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Production Planning & Tracking

Optimizing production, which should be your goal, means looking across several functional aspects of your farm to find efficiencies. Close crop monitoring and detailed record-keeping will be essential to this endeavor. In order to optimize, you need to understand different growth rates at different parts of your site, develop farm management that best utilizes site characteristics, recognize how changing environmental factors affect your crops, and forecast when your crops reach market size to plan for sales.

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Questions

Farm Production

Understanding when your crops will grow to market size and in what quantities, will allow you to plan sales in consistent volumes, sizes, and quantities that different buyers want. Having an excessively abundant supply of market-ready oysters and no sales plan is a recipe for low prices and an inability to sell all your product. Careful production planning can also enable you to sell your oysters when the price and demand are highest.

Yes. Factors such as currents, tides, bathymetry, bottom type, depth, nearby structures, and your own gear will influence temperature and food availability, which have a strong effect on growth rates. In fact, growth rates can vary between bags within an individual cage.

With a Dixie Cup, Solo Cup, or small bucket; and good record-keeping. Simply fill a container with oysters, count how many fit in the cup, and write it down. Repeat for several spots on your site(s) every few weeks. As the oysters grow, fewer will fit in the cup letting you know which areas grow fastest and slowest. Make sure to use the same container every time. Another effective method is to weigh a certain number of oysters on a kitchen scale that you can carry on your boat. Increases in weight over time tell you various growth rates at different locations on your farm.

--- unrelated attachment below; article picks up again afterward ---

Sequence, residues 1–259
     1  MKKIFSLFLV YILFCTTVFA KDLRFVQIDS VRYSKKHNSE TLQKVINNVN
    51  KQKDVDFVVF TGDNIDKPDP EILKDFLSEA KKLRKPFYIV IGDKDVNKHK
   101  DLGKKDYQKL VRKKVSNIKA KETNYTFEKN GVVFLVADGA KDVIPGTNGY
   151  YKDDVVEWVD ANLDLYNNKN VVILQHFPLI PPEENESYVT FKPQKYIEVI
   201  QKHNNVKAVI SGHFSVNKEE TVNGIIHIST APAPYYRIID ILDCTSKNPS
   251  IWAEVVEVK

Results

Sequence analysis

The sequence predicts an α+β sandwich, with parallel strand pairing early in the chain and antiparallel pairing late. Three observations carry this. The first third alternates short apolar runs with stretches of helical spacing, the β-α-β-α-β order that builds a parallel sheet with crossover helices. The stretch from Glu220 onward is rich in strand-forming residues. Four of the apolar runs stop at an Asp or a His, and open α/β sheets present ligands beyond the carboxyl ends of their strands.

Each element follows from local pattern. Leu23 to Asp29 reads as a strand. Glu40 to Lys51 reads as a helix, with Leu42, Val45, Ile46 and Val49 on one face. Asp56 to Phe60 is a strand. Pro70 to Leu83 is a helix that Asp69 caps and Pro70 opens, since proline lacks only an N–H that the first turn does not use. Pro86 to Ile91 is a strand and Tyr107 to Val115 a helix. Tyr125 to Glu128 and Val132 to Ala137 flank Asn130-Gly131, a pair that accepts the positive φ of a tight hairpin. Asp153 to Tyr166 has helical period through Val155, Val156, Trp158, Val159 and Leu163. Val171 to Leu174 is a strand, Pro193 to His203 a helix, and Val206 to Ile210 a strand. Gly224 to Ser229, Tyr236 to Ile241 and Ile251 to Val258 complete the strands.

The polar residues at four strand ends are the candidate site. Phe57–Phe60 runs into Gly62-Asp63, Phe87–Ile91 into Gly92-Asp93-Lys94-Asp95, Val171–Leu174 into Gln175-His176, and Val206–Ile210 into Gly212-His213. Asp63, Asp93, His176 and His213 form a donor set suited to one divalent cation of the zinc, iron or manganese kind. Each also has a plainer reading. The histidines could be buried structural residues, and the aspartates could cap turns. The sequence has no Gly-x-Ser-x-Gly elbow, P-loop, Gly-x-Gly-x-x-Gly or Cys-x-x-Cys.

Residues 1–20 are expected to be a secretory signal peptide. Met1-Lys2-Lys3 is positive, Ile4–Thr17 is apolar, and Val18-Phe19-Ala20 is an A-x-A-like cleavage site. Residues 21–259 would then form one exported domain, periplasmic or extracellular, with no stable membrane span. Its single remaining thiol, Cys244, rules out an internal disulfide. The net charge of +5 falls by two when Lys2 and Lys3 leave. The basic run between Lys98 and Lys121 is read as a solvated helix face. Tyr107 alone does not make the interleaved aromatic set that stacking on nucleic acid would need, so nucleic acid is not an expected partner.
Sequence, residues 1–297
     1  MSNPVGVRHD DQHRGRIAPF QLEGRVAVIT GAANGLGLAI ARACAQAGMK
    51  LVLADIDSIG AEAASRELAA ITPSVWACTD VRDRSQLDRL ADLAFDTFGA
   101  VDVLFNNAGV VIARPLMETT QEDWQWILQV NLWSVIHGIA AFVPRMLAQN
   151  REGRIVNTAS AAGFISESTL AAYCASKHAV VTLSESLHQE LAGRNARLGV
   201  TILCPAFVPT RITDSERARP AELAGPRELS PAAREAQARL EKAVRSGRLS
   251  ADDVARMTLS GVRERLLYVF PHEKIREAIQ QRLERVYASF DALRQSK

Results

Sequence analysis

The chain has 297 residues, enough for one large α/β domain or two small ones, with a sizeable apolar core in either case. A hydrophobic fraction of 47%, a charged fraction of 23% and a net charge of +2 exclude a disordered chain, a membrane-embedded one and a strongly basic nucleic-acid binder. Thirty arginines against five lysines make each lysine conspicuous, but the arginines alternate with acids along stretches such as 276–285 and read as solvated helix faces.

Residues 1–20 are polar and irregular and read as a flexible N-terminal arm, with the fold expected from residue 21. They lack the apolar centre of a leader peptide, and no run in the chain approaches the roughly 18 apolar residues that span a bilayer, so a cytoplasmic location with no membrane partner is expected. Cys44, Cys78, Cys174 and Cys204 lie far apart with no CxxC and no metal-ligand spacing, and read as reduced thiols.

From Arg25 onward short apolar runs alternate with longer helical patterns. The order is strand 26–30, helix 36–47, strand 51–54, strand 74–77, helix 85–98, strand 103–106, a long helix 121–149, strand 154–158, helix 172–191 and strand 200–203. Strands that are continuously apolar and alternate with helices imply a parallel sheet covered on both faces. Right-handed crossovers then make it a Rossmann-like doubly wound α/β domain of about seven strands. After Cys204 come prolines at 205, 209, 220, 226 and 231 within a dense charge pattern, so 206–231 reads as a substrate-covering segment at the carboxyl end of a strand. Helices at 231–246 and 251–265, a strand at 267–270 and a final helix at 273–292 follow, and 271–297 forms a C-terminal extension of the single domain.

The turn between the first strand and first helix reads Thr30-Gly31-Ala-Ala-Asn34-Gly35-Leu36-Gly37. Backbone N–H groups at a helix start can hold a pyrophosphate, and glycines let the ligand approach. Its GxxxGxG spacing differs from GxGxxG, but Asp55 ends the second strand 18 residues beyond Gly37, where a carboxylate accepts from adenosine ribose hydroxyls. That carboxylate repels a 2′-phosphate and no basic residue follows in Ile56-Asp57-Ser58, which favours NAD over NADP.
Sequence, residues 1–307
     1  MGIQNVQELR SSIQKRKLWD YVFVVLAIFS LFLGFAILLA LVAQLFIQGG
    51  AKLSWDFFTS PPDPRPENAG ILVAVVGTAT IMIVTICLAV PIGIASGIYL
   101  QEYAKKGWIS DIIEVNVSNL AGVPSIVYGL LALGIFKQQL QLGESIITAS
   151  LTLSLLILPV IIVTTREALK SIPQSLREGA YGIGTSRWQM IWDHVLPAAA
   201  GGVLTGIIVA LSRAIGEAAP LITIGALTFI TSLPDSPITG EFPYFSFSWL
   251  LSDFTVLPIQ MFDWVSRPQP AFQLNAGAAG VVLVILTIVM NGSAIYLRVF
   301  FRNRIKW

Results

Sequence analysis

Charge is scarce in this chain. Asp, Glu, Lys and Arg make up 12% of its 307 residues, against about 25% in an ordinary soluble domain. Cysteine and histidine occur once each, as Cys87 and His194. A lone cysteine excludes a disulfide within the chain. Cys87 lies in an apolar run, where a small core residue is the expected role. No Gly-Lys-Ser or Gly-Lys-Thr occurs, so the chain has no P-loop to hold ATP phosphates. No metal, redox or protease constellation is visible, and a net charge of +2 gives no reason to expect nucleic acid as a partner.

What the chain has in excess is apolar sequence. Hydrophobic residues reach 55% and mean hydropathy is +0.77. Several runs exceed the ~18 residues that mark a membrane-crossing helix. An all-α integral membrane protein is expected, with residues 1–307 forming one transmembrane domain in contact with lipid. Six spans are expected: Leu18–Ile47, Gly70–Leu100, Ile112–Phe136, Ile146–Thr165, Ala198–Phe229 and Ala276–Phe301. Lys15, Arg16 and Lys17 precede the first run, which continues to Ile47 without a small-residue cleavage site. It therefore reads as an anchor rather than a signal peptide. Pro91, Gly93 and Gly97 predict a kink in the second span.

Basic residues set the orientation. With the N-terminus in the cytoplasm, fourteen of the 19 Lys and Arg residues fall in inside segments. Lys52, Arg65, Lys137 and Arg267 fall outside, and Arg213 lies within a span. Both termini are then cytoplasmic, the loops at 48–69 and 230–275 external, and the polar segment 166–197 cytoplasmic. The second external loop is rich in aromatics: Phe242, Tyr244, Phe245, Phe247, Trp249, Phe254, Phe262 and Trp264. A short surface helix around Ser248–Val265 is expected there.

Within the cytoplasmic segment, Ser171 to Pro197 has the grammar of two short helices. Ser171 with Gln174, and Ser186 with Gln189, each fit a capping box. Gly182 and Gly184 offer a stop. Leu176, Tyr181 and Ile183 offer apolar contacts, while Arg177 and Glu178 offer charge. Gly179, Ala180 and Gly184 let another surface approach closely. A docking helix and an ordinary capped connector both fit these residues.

Mortality is a critical number to understand because it drives most of the assumptions in a business plan. Measure mortality by randomly grabbing a few hundred individuals from different areas and count the live and dead. This should be done across various life stages of the operation to identify when mortality is greatest. Water temperature is a major driver of growth for shellfish and is cheap and easy to measure. Tracking the presence of biofouling organisms will help you understand and predict when gear and oysters will need to be cleaned so you can plan for the labor.

A simple excel spreadsheet is a good starting point. Make grids in the spreadsheet that match the different sections of you farm(s). Assign each grid a letter or name, assign a letter to each line of bags/cages, and number each bag/cage in each line. For example Section Skiff, B, 23 would mean the ‘Skiff’ section of your site, line B, cage #23. Write down the year class, planting size, etc. so you know what you planted where. The Maine Aquaculture Association has developed a production planning spreadsheet for this exact purpose. There are also production planning apps such as SmartOyster and OysterTracker.